2. Be at ease with your investments

If you are nervous when the market goes down, you may not have the right investments. Your time horizon, goals and risk tolerance are key factors in ensuring that you have an investment strategy that works for you. Even if your time horizon is long enough to justify an aggressive portfolio, you have to be comfortable with the bumps you will encounter.

However, you should be mindful of not being too conservative, especially if you have a long-term horizon because strategies that are more conservative can not provide the growth potential you need to achieve your goals.

 

Attempting to enter and exit the market can be costly.

3. Do not try to time the market

4. Invest regularly despite volatility

If you invest regularly for months, years and decades, short-term crises will not have a big impact on your bottom line. Instead of trying to judge when to buy and sell based on market conditions, if you take a disciplined approach to investing, you avoid the dangers of market timing. Seize opportunities!

Bear Market Strategies

During a general downturn in financial markets as a result of economic uncertainty, investors rush and seek security in their investments.

There may be some actions to take while the markets are down, to help you have a better position for the long term. These strategies are complex, and you may want to consult a professional before making any investment or tax decisions.

1. Avoid positioning yourself in volatile funds or ETFs of complex nature, even more so during a full correction.

2. Say goodbye to the losers. Now is the right time to do a portfolio cleaning. If these stocks did not perform well in boom times, why would it be any different now?

3. Reduce your stock positions. If the market continues to decline, you will be able to go hunting for undervalued securities, because you will have sufficient liquidity.

4. Buy bonds. Debt securities can be great allies in the midst of bearish gaps in the market.

5. If the stock market continues to move down, try to avoid constant monitoring, as fear will make you anxious and often results in people making hasty decisions about their assets.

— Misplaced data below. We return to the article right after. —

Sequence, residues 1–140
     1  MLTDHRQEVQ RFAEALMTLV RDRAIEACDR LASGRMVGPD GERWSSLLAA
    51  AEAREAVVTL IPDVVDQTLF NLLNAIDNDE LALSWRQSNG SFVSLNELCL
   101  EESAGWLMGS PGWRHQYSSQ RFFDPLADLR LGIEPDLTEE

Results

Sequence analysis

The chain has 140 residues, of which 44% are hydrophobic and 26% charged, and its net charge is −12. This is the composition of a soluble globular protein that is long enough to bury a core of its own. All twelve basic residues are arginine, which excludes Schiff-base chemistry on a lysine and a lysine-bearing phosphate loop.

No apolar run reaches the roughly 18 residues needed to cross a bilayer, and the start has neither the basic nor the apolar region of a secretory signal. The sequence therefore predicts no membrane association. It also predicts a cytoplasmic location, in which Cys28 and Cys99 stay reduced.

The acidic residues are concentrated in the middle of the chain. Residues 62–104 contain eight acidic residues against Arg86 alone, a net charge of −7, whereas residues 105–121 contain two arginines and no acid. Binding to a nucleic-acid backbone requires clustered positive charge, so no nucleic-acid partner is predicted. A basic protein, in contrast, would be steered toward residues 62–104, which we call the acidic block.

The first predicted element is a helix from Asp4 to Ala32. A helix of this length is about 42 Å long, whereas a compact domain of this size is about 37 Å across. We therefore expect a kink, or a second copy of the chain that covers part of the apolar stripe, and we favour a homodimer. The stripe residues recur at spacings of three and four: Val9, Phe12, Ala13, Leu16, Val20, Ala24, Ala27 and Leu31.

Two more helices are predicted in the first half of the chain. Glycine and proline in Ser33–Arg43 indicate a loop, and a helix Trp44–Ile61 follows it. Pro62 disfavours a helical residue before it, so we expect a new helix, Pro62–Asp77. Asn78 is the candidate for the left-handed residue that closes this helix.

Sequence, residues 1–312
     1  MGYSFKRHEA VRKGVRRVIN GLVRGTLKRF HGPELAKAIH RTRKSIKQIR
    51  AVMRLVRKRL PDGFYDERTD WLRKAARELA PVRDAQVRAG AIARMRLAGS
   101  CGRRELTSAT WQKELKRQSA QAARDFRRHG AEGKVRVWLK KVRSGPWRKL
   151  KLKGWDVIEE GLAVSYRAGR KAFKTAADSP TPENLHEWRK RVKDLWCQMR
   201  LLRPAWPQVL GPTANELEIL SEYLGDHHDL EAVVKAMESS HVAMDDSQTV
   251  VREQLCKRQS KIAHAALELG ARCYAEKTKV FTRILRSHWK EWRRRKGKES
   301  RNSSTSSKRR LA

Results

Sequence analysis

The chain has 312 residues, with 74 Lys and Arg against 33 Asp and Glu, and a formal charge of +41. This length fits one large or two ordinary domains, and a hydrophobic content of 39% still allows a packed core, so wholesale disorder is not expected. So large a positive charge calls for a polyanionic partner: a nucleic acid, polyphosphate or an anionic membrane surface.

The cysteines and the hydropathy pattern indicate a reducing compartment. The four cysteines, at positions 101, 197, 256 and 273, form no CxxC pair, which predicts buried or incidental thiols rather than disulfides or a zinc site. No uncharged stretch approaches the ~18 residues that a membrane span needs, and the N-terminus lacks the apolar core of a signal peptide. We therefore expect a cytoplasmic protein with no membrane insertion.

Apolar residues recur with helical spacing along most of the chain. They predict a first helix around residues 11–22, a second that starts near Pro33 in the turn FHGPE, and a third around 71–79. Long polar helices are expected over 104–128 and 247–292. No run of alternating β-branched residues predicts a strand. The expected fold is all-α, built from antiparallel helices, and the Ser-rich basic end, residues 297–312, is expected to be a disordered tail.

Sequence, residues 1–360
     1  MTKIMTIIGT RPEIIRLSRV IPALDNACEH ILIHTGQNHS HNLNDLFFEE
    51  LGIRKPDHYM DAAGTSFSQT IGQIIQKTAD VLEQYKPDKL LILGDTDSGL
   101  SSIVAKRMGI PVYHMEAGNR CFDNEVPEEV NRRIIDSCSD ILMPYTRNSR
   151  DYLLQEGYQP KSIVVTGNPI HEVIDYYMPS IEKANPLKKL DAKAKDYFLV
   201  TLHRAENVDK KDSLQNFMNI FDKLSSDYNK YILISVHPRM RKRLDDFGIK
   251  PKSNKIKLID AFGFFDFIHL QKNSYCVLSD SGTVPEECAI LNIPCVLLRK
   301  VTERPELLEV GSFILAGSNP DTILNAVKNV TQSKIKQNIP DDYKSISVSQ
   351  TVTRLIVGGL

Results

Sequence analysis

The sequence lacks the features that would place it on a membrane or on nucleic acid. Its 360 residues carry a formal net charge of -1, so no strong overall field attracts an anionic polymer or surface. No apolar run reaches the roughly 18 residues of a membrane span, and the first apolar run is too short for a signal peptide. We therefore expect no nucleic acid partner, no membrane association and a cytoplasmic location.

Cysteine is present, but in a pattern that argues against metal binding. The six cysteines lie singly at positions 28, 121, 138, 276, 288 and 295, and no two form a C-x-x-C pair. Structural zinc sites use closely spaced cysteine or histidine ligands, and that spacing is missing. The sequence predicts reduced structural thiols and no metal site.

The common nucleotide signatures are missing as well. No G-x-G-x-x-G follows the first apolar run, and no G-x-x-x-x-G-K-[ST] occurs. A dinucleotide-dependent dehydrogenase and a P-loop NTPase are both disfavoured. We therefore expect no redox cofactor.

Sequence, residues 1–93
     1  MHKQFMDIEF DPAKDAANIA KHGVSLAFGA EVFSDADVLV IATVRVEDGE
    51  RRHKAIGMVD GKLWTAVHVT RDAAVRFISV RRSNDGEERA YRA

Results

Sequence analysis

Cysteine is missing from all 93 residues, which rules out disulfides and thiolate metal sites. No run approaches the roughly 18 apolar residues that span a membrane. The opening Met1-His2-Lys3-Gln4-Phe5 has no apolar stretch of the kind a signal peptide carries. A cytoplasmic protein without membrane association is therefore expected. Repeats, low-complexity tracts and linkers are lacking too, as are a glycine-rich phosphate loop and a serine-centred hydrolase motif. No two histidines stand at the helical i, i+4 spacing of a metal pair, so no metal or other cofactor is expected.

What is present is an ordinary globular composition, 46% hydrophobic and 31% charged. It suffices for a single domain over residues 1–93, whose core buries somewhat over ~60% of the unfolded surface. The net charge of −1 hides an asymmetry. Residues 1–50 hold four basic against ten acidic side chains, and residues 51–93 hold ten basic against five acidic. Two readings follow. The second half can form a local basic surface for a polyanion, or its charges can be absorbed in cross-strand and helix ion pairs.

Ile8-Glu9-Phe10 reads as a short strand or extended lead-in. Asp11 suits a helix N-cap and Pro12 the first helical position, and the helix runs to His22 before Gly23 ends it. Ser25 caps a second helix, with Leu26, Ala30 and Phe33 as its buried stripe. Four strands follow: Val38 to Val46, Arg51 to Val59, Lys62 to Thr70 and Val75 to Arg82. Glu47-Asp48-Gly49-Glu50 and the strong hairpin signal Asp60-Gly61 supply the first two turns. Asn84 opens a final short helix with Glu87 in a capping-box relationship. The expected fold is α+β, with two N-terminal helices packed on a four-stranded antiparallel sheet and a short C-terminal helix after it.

6. Taking short positions is one way to make money in a bear market, such as selling futures, betting on declines or helping to reduce your portfolio exposure to the market.

Guest blooger George Diaz writes for finance sites: sobredinero.com and Myfinancialwisdom.com. He can be reached at george@sobredinero.com or via Twitter @sobredinero1

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Ready To Invest: Start Today

Ready to Invest- The Money Nerve

Ready to Invest: Start Today

Before you start diving into investments,

let’s look a few ways to be smart with your money.

What is investing? Investing is actually pretty simple; you are essentially putting your money to work for you so that you don’t have to take a second job or work overtime hours to increase your earning potential. There are many different ways to make an investment, such as stocks, bonds, mutual funds or real estate, and they don’t always require a large sum of money to start.

Learn the terminology of investing

Many of the larger investment companies provide a wealth of content to teach beginners the language of investing and share information about the multiple businesses you can invest in, and the various methods to build your nest egg. TIME=MONEY Therefore, the earlier you begin saving and investing, the higher returns you will see compared investing the same amount of money 20 years later. Money creates money and your lump sum will increase exponentially – if you nurture it and let it grow over time. It is tempting to skim the profit off the initial investment, but you will significantly reduce your total gains with that choice.

I was given some sound advice when I was younger, “Don’t invest money that you can’t afford to lose.” Anytime you put your money where outside influences can create an environment where massive gains can be made; you must also be aware that it can result in substantial losses. More volatility can create huge wins, and that “lucky break syndrome” is addictive to many of us. Hence the warning: this is “extra money” that you want to grow without putting your current lifestyle in jeopardy. If a stock loss means you can’t pay your bills, you need to adjust your investment strategy!